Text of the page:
University of Florida
Is there light at the end of the current financial crisis? The recent performance of major financial players and the evolution of the gross domestic products of the two largest economies of continental Europe seems to point that way. However, other indicators, mostly related to employment and credit markets, temper somewhat this optimistic outlook. It is clear that the regulatory landscape will change and will affect risk perception and management. However, irrespective of risk sources, perception or regulations affecting its assessment, our community will get opportunities aplenty to address related issues. This issue contains articles that address in particular interest rate and market risks in investments, plus issues of adverse selection in an insurance context.
Though interest rates have reached historical lows in the past few months, their variability has a direct impact particularly on fixed income vehicles such as liability-driven investments. Previous research has shown that capturing better the dynamics of the yield curve does not necessarily lead to better hedging. In his article, N. Carcano focuses on hedging based on Principal Component Analysis (PCA) to address the impact of model error. His empirical comparison between two- and threecomponent models leads to the conclusion that the former results in a substantially smaller hedging error, as suggested by theory. His study also shows that controlling exposure to model errors leads to a substantial reduction in transaction fees.
Another prevalent form of market risk is through the variability of equity prices. In their paper, Doran and Fodor address the issue of including options in portfolios holding long positions in the underlying asset. In particular, they are interested in the relation between the idiosyncratic risk of an option and that of its underlying asset. They find significant negative abnormal returns associated with purchasing put options, in contrast to the effect of writing such contracts. An investor can also augment portfolio returns by taking relatively large covered call positions. However, their study suggests that there is little evidence of increased portfolio value resulting from consistently purchasing any option. Additionally, they find that the premiums from writing put options are not related to any specific firm characteristic, suggesting a pervasive risk premium. Asset pricing tests that include market option factors are unable to explain the returns to portfolios which include firm specific options. Tests on delta-hedged portfolios confirm gains to put options are related to idiosyncratic volatility risk and not market risk volatility risk. This is indicative of an idiosyncratic risk premium for options that is distinct from idiosyncratic risks in stocks. Barrier options are particularly useful for targeted market risk strategies. In their paper, Engelmann et al evaluate empirically dynamic hedging strategies for such options under different stickiness assumptions on the dynamics of the implied volatility surface. Specifically they compare sticky-strike, sticky-moneyness and local volatility-implied (model-consistent) hedges for barrier options with a maturity of one and two years. They find that sticky-strike performs best. Their study also indicates that the hedging strategy is much more important than the stickiness assumption.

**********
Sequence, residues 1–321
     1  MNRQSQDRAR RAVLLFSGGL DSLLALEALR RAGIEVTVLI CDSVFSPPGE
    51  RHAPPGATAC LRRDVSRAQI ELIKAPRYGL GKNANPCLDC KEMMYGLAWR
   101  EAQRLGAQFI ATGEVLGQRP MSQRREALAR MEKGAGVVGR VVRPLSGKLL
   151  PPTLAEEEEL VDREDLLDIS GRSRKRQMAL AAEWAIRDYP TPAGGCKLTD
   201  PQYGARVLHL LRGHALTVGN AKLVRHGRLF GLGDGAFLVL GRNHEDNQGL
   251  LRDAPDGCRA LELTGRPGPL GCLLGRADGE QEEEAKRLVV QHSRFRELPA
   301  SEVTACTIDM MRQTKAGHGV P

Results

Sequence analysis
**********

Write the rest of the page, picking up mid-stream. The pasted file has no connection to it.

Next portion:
The recent crisis has also highlighted issues inherent to risk insurance, namely moral hazard and adverse selection. An insurer is thus aware of the higher proportion of customers seeking coverage who are likely to file for their claims. In the fourth paper, Shahidi follows the competitive equilibrium route to determine the coverage strategies of high- and low-risk insurance seekers, accounting for adverse selection. In a non-expected utility set-up and under first-order stochastic dominance, the results indicate that high-risk candidates seek full coverage, in contrast to their lowrisk counterparts who optimize a non-convex problem.